7. The RFA compensation under the new CBA: 660,000 or less: none 660,000 to 1 million: 3rd Rd draft pick 1 million to 2 million: 2nd Rd pick 2 million to 3 million: 1st and 3rd pick 3 million to 4 million: 1st, 2nd and 3rd rd picks 4 million to 5 million: 2 first rd picks, 1 second and 1 third Over 5 million: FOUR 1st round picks I think no GM would offer big #### more than 4 million a year of the 4-5 million return compensation. Gainey would however most likely match unless an uncoming draft was particularly rich imo. In any event, most GMs are aware how Lowe ostracized himself and are unlikely to try to poach.
  8. Looking at past NHL drafts one can't help but stop in the year 1997. That year, we had the 11th pick and chose Jason Ward. The 12th pick was Ottawa's who turned out to be Marian Hossa. I find it strange the thought of rectifying that gross error by trading 4 of our players to rent him for several months with no guarantee on future service. Maybe it just wasn't meant to be. Maybe fate itself is balancing out the evil hand it dealt us in 1997 by allowing us to avoid him now so many years later. I personally don't want Hossa at 8 million per year. It's obscene for a player who reminds me of Yashin in terms of greed and lack of loyalty. This team as it is gives me joy partly because they seem tightly knit and seem to actually like one another. When I see smiles when they win, utter dissappointment when they lose, that gives me back a hockey that is less commercial. Just my feeling anyhow. If we sign Hossa for 5 years/$40 million in the summer, I think I would be less inclined to care about the team. Let's start an anti-Hossa campaign to keep him off the team! (last statement is only half in jest) -John
  9. Look, Pittsburgh paid an awful lot for a player they may not be able to sign. If 2 young NHLers, 1 prospect, and a 1st rounder is what was necessary, why would Gainey make that trade? Higgins, Latendresse, Emelin and our 08 1st for a guy who may demand 8 million a year and go wherever the bidding is highest? Please let's be reasonable. Pittsburgh is obviously putting everything on winning this year, and it is an extremely poor decision. As for Huet, I'm not sure what the rational was but I'm sure Halak's great play impacted on that decision. Plus am I the only one that felt there was unhappiness in Huet with the constant Price love?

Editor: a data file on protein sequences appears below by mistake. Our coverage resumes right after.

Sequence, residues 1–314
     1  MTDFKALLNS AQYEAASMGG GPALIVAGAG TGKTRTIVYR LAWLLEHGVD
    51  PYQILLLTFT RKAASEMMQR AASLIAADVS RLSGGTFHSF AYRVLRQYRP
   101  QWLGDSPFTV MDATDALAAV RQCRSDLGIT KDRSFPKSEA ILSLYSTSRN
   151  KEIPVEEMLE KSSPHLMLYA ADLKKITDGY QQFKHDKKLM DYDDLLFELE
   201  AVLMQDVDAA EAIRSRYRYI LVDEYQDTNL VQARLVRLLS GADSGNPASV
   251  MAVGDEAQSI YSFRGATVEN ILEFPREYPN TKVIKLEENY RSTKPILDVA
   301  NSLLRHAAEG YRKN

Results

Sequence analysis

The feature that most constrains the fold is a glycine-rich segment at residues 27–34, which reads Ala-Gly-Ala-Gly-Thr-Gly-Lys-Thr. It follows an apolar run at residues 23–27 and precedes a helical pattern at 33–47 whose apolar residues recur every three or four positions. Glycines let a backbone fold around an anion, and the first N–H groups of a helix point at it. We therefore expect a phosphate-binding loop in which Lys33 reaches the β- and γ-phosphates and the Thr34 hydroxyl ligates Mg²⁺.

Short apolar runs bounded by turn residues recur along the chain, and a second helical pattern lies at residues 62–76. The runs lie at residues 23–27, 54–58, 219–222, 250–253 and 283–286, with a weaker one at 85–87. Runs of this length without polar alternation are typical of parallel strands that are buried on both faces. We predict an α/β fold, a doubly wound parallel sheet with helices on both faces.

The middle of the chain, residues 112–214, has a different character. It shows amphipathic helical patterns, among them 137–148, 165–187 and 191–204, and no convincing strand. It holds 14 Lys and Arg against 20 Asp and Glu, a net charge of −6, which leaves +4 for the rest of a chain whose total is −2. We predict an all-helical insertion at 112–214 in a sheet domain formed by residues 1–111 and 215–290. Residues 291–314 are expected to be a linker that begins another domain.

11. Smoke needs to be benched permanently. We indeed should recall Chipchura to take the spot where Smoke has simply floated around the ice doing little to nothing. We must also remember that Price and Chipchura are roomies in Montreal and that in itself may have an indirect effect on Price's mental preparedness/relaxation. I am of the camp that we should trade Huet now and take a gamble on a Price/Halak tandem. It's not that Huet is a bad goalie - I just believe that he does not have an intuitive sense of the net as evidenced in great goalies. If we look at the past, Huet will most likely remain a decent goalie with mid-season decline in play due to fatigue and a very suspect ability to rise up in the most important games. Consider what occurred last year in our last game against the Maple Leafs - while the majority of the goals were screens/tips/flukes, it nevertheless seemed very much like the Gods are not with him. We should have won that game handily. Now the argument is that Price right now is inconsistent. But so is Huet. And Halak has not been given a fair shot at the big game. Halak in my opinion has the intangibles that could make him a fan favourite superstar a la Hasek. Halak competing against Price for the #1 job could also be an unlifting competition in comparison to the increasingly unhealthy rotation of Price/Huet that is currently ongoing. Price and Huet both seem nervous with this philosophy of changing goalies upon losing. If a goalie needs to be loose to play well, this is absolutely the worst thing to do. Especially in Montreal where a goalie goes from hero to dog in about 2 minutes, a coach needs to allow a goalie to remeed himself as soon as possible to maintain confidence. Finally, I have been on the fence about the goalie coaching of Melanson. I do agree that it is a good idea to have a goalie coach, but one that knows what to say and how to augment a goalie's technical performance without detriment to that goalie's style. Watch Price's style in recent games and compare it to earlier in the season and in the Junior World's. His style seems to have changed. In fact, when I turn on the game after it has started, sometimes I can't identify whether it is Huet or Price in the net! I don't mind if a goalie can't stop a puck if I believe that no other goalie could have stopped said puck in said situation. But there are so many goals lately that seem stoppable "if only". If only he came out higher and challenged that slapshot. If only he tried looking through the screen. If only he could be more intuitive to see how the play was developing. Now Melanson was said to have gone to Hamilton to coach Price on "seeing the puck" better. What exactly does this mean? And is whaatever Melanson coaching him actually helping him? He seems further in the net and really using a lot of energy at the wrong time. Price should go back to whatever he was doing before (perhaps fatherly goalie advice?). Earlier in the season, Price was coming out of the net more, playing the puck. He seems to limit that activity now. Did they tell him not to do it? Because in my mind, a young Patrick Roy, a young Cam Ward, A young Ken Dryden, they were all successful because they were playing their way with confidence and fun. Price LIKES playing the puck. They should encourage it even if an odd strange goal results. Finally, there is one thing I dislike about both Price and Huet. It's the pose as the goal is occuring. The statue as I like to call it. You guys must have seen the recent Brodeur highlight where he swats the puck in the air to prevent a goal. Or the many classic Hasek moves of desperation that stop a puck. I want that intensity. People say Price tries to stay even emotionally. If that means not to lose confidence that is great, but I don't think he is being successful at that. Roy got emotional - not losing self-confidence but getting angry, pumping himself up and that self-pumping is what suggested he would be one of the greatest money goalies ever. I'm simply unhappy with the goalie situation and I hope we change it up a bit and people play like how we know they can. -John